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I need to write program that have construction like this:

Parent makes fifo, then fork()

  • child 1 reads message from stdin and writes it to named pipe (FIFO)
  • then in parent process I need to create pipe (unnamed) and another fork()
  • child number 2 reades from FIFO, counts length of message and send number to parent via pipe(unnamed).

I created a simple program with one fork where child can communicate with parent:

#include <unistd.h>
#include <stdlib.h>
#include <stdio.h>
#include <fcntl.h>
#include <sys/types.h>
#include <sys/stat.h>

#define FIFO "/tmp/my_fifo"

int main()
{
pid_t fork_result;
int pipe_fd;
int res;
char writer[3];
char reader[3];

res = mkfifo(FIFO,0777);
if (res == 0)
{
    printf("FIFO created!\n");

    fork_result = fork();
    if (fork_result == -1)
    {
        fprintf(stderr, "fork error");
        exit(EXIT_FAILURE);
    }       
    if (fork_result == 0)
    {
        printf("CHILD 1\n");
        pipe_fd = open(FIFO, O_WRONLY | O_NONBLOCK);
        scanf("%s", writer);
        res = write(pipe_fd,writer,3);
        if (res == -1)
        {
            fprintf(stderr,"error writing fifo\n");
            exit(EXIT_FAILURE);
        } 
        (void)close(pipe_fd);
        exit(EXIT_SUCCESS);
    }
    else
    {
        printf("PARENT\n");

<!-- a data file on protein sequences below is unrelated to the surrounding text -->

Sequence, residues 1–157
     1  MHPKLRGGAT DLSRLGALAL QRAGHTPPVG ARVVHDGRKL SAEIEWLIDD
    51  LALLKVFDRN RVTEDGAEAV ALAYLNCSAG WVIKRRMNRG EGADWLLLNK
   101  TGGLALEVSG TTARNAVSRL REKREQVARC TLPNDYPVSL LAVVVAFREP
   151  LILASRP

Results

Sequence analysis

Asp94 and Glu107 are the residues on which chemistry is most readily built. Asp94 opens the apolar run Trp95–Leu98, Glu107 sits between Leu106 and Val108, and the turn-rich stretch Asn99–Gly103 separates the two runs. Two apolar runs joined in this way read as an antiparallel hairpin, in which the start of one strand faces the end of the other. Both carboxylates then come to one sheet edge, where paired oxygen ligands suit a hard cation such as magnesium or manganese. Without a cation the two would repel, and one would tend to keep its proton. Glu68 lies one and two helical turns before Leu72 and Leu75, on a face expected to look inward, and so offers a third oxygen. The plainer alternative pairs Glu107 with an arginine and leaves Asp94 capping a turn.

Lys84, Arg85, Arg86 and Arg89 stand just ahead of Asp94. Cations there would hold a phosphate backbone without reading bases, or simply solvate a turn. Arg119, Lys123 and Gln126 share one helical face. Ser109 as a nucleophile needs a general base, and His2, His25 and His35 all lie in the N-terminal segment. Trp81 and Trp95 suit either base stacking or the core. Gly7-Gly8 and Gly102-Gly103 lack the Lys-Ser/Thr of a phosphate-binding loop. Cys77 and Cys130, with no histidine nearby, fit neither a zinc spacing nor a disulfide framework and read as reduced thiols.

pipe_fd = open(FIFO, O_RDONLY);
        res = read(pipe_fd, reader, 3);
        printf("reader: 0: %c\n",reader[0]);
        printf("reader: 1: %c\n",reader[1]);
        printf("reader: 2: %c\n",reader[2]);
        (void)close(res);
    }         
}
else
{
    printf("deleting fifo... run program again!\n");
    unlink(FIFO);
}
exit(EXIT_SUCCESS);
}

and it is working very well. So I created code that have architecture described above:

#include <unistd.h>
#include <stdlib.h>
#include <stdio.h>
#include <fcntl.h>
#include <sys/types.h>
#include <sys/stat.h>

#define FIFO "/tmp/my_fifo"

int main()
{
pid_t fork_result;
pid_t fork_result2;
int pipe_fd;
int res;
char writer[3];
char reader[3];

res = mkfifo(FIFO,0777);
if (res == 0)
{
    printf("FIFO created!\n");
    fork_result = fork();

    if (fork_result == -1)
    {
        fprintf(stderr, "fork error");
        exit(EXIT_FAILURE);
    }     

    if (fork_result == 0)
    {
        printf("CHILD 1\n");
        pipe_fd = open(FIFO, O_WRONLY | O_NONBLOCK);
        scanf("%s", writer);
        res = write(pipe_fd,writer,3);
        if (res == -1)
        {
            fprintf(stderr,"error writing to fifo\n");
            exit(EXIT_FAILURE);
        } 
        (void)close(pipe_fd);
    exit(EXIT_SUCCESS);
    }
    else
    {
        printf("PARENt 1\n");
        //don't forget pipe!

        fork_result = fork();
        pipe_fd = open(FIFO, O_RDONLY);
        if (fork_result == 0)
        {
           printf("CHILD 2\n");
           res = read(pipe_fd, reader, 3);
           printf("Odczytano: 0: %c\n",reader[0]);
           printf("Odczytano: 1: %c\n",reader[1]);
           printf("Odczytano: 2: %c\n",reader[2]);
           (void)close(res);
        } 
    }         
}
else
{
    printf("deleting fifo\n");
    unlink(FIFO);
}
exit(EXIT_SUCCESS);
} 

Running sequence is like this:

PARENT 1
CHILD 1
CHILD 2